Are you evolving with your marketplace?

One of the challenges for any mature business to to balance the two ideals — staying true to your brand's core and yet still being nimble enough to evolve with your marketplace.

As you may know, I am a bonafide Disneyophile.  I have been to Walt Disney World at least once a year since it opened in 1971.  Back in the late 70's and 80's, the only real competition to Disney was SeaWorld in Orlando and if you wanted to make the drive, Busch Gardens in Tampa.

I can remember leaving Disney property to head to SeaWorld as a kid.  It was a great day — Shamu the whale, feeding the dolphins the dead fish and watching a water skiing show.  There were many things to see and watch, but there wasn't a lot to do.  As a pre-teen boy, I was full of energy and loved thrill rides, like roller coasters.  So after our initial SeaWorld visit, my parents couldn't convince me that going back was worth losing a day of Disney's rides.

In the late 90's, Universal Studios added to the market by building two theme parks, packed with thrill rides.  Which I'm sure added even more pressure to Sea World.  They had two choices.  Stick with just Shamu & gang or branch out and add a thrill ride or two.  They opted for #2 and just last week opened The Manta.

Want to see how it might feel to ride the Manta?  Check out this POV animation of what the ride will be like.

What do you think?  I'm a little torn.  They did a good job of keeping the ride tied to their brand.  And I'm sure it will help them attract more young families, whose kids want thrill rides.

But on the flip side, their brand is about learning more about sea life and getting up close and personal.  Did Orlando really need another roller coaster?

If you were on the planning team at Sea World, would you have recommended the thrill ride or something different to keep up with the marketplace?

Check out Sea World's new Manta roller coaster!

P.S.  The logo below tells you that I heard about the Manta from IZEA and because I'm using their link, I'll get paid a whopping 50 cents per click.  I use that sort of money to pay for mailing out the free books etc. that we do here on the blog.  Pretty sure I'll never break even but you never know! ;-}

Support My Sponsor
Code Of Ethics

Reblog this post [with Zemanta]

Comments

  1. Kamy Herbst says

    wow… never thought a video clip could make me sick to my stomach. Shouldn’t have watched that.
    I agree with your comment of “another roller coaster” I like that you can take your child to Sea World and have incredible excitement & memories with out the distraction of roller coaster & rides. (That is purely from a mother’s perspective.)
    But then again, it was a good decision to add a few “things to do.” You can keep the entire family satisfied with a little compromise. (I’m going for all ages here, my 3 yr old has very little to do at an amusement park, but a 12 yr old would thrive!)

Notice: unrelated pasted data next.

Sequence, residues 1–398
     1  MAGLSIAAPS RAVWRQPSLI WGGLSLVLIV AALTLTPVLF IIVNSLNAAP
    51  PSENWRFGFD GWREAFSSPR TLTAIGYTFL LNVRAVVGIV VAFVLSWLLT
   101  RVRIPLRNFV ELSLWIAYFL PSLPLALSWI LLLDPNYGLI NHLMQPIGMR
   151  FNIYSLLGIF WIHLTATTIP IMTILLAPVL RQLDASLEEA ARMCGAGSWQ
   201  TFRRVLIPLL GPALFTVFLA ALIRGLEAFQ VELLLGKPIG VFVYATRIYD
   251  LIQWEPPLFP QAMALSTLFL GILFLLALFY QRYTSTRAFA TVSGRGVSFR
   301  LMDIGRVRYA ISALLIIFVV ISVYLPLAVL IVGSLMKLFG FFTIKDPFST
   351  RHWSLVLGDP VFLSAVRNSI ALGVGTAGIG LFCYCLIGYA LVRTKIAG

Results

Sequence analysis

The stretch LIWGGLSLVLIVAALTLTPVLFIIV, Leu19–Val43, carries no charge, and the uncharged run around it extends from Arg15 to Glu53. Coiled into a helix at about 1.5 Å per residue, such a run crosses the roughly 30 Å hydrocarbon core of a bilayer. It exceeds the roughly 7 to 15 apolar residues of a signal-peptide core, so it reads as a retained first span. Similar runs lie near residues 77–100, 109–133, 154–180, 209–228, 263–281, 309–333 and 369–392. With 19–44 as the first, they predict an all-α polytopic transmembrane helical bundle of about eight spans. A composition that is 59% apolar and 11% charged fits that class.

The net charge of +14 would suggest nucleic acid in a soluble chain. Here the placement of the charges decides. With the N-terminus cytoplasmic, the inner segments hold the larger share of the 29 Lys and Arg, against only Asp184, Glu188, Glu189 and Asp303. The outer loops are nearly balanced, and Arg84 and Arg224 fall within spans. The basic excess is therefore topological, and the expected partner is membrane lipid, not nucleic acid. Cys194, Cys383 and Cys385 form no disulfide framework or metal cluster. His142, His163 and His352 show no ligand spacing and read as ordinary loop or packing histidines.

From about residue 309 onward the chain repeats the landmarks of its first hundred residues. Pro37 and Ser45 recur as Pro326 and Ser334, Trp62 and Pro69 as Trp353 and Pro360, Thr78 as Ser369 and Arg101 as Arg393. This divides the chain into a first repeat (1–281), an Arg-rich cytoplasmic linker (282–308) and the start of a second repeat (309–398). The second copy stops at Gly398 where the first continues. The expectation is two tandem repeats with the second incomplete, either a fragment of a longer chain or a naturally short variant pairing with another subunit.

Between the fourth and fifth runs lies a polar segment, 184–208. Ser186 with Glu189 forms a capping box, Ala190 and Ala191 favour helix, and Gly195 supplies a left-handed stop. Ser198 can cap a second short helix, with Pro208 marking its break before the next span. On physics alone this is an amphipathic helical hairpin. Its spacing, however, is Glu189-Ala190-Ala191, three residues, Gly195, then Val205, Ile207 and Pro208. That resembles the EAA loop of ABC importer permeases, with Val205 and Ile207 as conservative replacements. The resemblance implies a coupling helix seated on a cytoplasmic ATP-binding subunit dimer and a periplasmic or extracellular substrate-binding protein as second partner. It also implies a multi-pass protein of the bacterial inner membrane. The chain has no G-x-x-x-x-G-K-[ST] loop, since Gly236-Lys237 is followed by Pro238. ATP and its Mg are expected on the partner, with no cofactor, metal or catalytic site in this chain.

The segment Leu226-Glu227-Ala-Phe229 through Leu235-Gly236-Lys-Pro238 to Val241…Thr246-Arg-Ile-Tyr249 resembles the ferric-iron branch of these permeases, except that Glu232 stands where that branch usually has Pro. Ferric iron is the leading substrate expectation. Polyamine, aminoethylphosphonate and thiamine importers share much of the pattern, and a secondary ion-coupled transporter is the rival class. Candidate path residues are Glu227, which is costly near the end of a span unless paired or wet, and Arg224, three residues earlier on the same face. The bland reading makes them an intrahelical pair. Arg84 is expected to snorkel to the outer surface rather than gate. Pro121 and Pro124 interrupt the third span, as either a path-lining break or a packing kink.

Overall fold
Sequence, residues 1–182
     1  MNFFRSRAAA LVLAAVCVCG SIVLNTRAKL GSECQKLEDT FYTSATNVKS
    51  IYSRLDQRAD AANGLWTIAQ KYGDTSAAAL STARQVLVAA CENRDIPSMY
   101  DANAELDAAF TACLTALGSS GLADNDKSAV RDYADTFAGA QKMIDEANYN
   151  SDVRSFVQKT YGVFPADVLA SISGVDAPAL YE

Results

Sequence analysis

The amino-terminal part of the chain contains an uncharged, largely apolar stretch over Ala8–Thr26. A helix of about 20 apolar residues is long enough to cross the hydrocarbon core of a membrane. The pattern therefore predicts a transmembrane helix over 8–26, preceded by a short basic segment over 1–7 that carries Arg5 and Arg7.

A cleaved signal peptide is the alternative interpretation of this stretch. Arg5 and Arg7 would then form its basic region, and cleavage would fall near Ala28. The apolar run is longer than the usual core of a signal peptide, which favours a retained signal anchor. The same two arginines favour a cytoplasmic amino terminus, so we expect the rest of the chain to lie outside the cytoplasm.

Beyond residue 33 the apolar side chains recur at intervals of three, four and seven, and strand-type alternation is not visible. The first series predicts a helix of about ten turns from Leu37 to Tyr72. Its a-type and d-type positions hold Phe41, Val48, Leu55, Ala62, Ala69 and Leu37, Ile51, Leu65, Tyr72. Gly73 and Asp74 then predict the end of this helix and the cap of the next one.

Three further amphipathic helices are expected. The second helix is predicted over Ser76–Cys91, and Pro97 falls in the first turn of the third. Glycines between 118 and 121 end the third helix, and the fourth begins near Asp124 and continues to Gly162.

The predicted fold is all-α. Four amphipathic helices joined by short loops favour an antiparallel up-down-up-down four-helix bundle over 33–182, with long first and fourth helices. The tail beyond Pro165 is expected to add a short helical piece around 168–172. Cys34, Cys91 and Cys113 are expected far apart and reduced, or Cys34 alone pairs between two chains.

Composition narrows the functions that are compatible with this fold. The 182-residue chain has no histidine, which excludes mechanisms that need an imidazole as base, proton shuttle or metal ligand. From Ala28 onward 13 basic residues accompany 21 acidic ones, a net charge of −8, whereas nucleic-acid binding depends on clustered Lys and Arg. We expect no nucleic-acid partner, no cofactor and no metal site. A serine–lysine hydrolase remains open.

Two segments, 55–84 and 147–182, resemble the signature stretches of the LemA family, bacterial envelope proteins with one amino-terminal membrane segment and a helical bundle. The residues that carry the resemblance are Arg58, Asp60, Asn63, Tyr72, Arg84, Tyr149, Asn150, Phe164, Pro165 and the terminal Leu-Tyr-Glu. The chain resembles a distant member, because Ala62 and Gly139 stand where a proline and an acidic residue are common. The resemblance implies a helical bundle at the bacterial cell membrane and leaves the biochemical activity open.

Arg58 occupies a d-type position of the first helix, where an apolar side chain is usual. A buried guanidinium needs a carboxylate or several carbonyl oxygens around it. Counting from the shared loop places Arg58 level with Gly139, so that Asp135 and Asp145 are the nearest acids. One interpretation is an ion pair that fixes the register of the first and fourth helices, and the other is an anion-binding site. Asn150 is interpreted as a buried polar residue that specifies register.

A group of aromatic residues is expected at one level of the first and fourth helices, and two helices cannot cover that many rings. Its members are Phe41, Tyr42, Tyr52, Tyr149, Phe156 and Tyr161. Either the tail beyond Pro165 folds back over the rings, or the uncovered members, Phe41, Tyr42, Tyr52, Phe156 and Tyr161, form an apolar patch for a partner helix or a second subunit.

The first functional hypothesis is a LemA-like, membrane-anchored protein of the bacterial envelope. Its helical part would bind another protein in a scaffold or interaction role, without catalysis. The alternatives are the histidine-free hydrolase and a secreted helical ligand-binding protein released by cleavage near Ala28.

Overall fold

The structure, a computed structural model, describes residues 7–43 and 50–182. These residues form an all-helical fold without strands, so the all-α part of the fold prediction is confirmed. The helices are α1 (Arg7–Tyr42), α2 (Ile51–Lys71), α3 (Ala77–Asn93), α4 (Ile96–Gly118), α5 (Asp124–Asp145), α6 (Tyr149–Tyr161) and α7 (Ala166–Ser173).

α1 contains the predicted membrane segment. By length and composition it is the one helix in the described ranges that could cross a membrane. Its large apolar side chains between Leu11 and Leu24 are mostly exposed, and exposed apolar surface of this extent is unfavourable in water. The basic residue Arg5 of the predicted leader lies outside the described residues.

2. Matt says

    I would tend to lean on not adding a roller coaster. Mimicking the market for the sake of keeping up really only harms you in the long run and saturates your brand.

    Sea World is known for an educational, yet fun experience and that has been something that their brand has always been tied to. Instead of adding a roller coaster, maybe Sea World should have looked into adding experience driven learning. Make learning more about sea-life interactive- not by a roller coaster. I do not have any ideas flowing off the top of my head, but keeping up with a market that you do not fit into will ultimately damage your brand. Stick to your core business plan and beliefs.

  3. says

    Sea World has committed to rides for quite a while. The Kraken in Orlando is one of the taller coasters there and the San Antonio Sea World has many rides too.

  4. says

    Kamy,

    Sorry — I should have put a warning label on the video. Does this mean you are not a roller coaster fan?

    I can only imagine the challenge that it is to manage/plan for an amusement park of any kind. But when you have to compete against the likes of Disney and Universal, it has to be even tougher.

    Drew

  5. says

    Matt,

    Without a doubt — commit to your core business and the brand. I suppose it depends on if Sea World sees itself as an educational brand or an entertainment brand, eh?

    Drew

  6. says

    They’ve got quite a few rides now. Most of the parks in the same sphere as Disney have attempted to differentiate by adding a more “thrilling” component, since Disney dominates in the theme-ing component. You would definitely consider rides a significant component of Sea World’s appeal now I’d say.

Leave a Reply